from The American Heritage® Dictionary of the English Language, 4th Edition

  • transitive v. To win over by coaxing, flattery, or artful talk. See Synonyms at lure.
  • transitive v. To obtain by cajolery: inveigled a free pass to museum.

from Wiktionary, Creative Commons Attribution/Share-Alike License

  • v. to convert, convince or win over with flattery or wiles
  • v. to obtain through guile or cunning

from the GNU version of the Collaborative International Dictionary of English

  • transitive v. To lead astray as if blind; to persuade to something evil by deceptive arts or flattery; to entice; to insnare; to seduce; to wheedle.

from The Century Dictionary and Cyclopedia

  • To lead astray by making blind to the truth or to consequences; mislead by deception; entice into violation of duty, propriety, or self-interest: now usually with into.
  • Synonyms To cajole, beguile, lure, insnare, decoy.

from WordNet 3.0 Copyright 2006 by Princeton University. All rights reserved.

  • v. influence or urge by gentle urging, caressing, or flattering


from The American Heritage® Dictionary of the English Language, 4th Edition

Middle English envegle, alteration of Old French aveugler, to blind, from aveugle, blind, from Vulgar Latin *aboculus : Latin ab-, away from; + Latin oculus, eye (probably loan-translation of Gaulish exsops : exs-, from + ops, eye).


  • Again and again, by feint of foot and hand and body he continued to inveigle Sandel into leaping back, ducking, or countering.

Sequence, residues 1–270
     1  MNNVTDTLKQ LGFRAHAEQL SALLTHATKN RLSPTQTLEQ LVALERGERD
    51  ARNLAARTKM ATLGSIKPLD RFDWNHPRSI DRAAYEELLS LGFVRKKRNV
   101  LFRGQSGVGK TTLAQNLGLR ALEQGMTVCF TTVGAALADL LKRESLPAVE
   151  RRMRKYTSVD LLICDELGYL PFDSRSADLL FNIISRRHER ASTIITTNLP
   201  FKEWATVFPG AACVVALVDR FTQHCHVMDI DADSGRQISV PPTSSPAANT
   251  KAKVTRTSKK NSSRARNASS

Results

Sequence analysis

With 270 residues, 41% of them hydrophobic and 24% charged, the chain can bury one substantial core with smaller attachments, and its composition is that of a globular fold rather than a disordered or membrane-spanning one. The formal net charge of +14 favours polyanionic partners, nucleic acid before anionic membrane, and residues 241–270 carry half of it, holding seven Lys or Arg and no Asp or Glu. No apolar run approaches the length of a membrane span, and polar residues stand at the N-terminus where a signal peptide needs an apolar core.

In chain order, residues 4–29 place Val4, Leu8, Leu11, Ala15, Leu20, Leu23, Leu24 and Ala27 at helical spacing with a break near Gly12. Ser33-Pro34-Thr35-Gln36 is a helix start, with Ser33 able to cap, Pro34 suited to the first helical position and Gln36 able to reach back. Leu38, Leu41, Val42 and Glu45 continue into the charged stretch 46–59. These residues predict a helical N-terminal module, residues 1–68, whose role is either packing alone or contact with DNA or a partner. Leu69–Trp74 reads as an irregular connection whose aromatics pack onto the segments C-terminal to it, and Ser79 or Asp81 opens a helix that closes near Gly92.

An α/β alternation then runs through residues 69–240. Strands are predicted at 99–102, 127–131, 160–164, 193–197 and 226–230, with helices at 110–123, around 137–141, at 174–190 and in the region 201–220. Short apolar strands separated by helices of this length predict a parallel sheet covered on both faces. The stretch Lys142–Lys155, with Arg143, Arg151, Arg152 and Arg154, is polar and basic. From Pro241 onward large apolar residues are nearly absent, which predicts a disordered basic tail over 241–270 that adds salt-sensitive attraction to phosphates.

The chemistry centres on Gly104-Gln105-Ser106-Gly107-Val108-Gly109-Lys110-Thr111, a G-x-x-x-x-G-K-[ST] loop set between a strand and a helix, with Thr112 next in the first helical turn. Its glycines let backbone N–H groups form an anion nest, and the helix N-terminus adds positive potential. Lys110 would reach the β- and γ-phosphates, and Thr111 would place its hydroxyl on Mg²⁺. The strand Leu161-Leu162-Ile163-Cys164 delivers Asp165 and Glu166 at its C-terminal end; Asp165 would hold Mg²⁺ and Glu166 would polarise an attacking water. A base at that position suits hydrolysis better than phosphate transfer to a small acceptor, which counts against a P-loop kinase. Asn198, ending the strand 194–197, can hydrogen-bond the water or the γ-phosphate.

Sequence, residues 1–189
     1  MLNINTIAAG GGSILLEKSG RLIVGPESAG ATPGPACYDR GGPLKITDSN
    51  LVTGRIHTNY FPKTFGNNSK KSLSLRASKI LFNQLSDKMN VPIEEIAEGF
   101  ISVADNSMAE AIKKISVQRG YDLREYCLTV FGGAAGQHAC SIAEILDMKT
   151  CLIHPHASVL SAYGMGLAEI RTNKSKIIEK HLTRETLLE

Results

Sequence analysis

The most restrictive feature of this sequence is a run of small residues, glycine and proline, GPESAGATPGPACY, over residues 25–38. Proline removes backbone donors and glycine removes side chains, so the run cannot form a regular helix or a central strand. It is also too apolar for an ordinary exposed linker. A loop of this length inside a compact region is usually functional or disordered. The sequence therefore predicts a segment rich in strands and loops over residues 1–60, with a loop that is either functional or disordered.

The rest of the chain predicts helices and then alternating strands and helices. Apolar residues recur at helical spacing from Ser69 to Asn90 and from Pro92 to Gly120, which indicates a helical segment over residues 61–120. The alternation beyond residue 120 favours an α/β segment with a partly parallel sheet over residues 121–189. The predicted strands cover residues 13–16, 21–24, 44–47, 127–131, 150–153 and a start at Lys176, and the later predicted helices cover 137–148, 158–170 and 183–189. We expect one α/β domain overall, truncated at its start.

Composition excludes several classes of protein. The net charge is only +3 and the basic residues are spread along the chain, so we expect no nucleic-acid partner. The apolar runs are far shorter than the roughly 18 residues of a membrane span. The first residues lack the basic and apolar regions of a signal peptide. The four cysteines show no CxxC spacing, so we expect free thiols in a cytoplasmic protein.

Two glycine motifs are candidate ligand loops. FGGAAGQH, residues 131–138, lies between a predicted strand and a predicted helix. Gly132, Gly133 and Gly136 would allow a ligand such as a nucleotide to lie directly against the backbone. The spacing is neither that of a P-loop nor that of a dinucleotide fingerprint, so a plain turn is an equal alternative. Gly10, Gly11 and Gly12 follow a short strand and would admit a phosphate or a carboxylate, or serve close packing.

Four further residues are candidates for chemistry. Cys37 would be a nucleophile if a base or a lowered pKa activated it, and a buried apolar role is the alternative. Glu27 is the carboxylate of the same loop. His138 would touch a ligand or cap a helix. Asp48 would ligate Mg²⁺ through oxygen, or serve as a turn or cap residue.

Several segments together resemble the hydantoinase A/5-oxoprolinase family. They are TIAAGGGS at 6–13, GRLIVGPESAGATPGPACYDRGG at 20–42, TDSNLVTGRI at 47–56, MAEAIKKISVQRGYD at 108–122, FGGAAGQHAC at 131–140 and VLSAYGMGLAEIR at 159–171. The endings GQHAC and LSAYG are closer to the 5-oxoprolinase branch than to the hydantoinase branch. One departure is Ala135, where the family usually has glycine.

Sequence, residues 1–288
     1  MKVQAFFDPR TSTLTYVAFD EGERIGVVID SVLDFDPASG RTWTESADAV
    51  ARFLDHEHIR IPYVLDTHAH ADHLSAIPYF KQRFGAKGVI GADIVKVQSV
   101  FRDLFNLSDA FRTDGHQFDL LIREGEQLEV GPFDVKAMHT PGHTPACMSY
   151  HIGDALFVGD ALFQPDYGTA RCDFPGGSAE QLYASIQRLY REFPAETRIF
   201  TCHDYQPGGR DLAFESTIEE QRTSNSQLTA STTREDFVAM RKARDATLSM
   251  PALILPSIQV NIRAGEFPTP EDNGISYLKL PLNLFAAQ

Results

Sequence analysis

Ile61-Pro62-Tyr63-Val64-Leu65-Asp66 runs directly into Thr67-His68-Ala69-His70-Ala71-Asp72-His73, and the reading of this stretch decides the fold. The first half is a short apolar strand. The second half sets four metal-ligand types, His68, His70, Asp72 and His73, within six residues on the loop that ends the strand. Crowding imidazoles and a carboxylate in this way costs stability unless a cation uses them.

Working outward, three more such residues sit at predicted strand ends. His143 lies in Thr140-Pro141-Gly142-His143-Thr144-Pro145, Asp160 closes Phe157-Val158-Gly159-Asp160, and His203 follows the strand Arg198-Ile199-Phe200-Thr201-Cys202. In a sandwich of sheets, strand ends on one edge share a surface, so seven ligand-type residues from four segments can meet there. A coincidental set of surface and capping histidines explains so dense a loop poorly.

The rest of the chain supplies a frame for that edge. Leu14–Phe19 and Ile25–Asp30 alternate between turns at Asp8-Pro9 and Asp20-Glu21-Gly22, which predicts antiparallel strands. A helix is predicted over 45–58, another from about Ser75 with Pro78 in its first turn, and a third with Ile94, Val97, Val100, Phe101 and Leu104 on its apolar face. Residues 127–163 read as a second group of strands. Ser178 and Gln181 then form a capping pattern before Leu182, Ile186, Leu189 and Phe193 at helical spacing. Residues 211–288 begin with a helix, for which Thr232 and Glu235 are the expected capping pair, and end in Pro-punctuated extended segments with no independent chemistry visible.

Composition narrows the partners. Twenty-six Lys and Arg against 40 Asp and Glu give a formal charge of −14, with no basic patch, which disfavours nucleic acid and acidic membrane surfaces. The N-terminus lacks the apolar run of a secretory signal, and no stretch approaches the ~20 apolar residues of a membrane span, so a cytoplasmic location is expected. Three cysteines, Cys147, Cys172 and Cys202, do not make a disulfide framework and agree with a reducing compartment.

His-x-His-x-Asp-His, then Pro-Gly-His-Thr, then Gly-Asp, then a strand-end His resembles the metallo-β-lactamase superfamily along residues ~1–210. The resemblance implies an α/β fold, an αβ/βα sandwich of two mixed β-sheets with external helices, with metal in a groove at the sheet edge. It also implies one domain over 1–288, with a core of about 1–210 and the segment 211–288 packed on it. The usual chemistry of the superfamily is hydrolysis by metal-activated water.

• Several times Wolf Larsen tried to inveigle me into discussion, but

    Chapter 9

  • "Though he's lucky if he pulls even on it, or if he can inveigle a publisher to risk bringing it out."

    Chapter 32

  • He had led his mother there, step by step, and now when she stopped, he tried to inveigle her farther.

    The Bondage

  • By the way, let's check with Hillary whether there's still some way to inveigle Alawi into the top slot.

    Michael Brenner: Inside the Oval Office: The Middle East

  • It falls to you, therefore, to inveigle a well-heeled person of your acquaintance into scooping you up and whisking you away.

    How do I get… someone to take me on holiday in January

  • But it was rough even at the dawn of the new century when the Strokes emerged from the Lower East Side read: Dwight School with their post-punk guitars and biscuit-tin drums to capture a city's insouciant attitude and inveigle the rest of the country with it.

    Disco Donors, Punk Pioneers

  • Meanwhile, the company dispatched their own PR professionals to the region to deceive and inveigle and obfuscate, all while treating concerned locals to a public face that was a "diversion" by design.

    Bob Dudley, BP CEO, Blames Media For Creating "Climate Of Fear" In Gulf

  • That Janacek's magnum opus has yet to inveigle itself into the popular imagination is a mystery bordering on injustice.

    Janacek's Sinfonietta Strikes Deep Chords

  • One would think, in the case of Afghanistan, the U.S. would be well aware of its enemy's proficiency at guerrilla warfare, considering the CIA helped to inveigle the Soviets into invading Afghanistan, which President Jimmy Carter's National Security Advisor Zbigniew Brzezinski saw as an opportunity for "giving the USSR its Vietnam War."

    Michael Hughes: Obama's Vietnam


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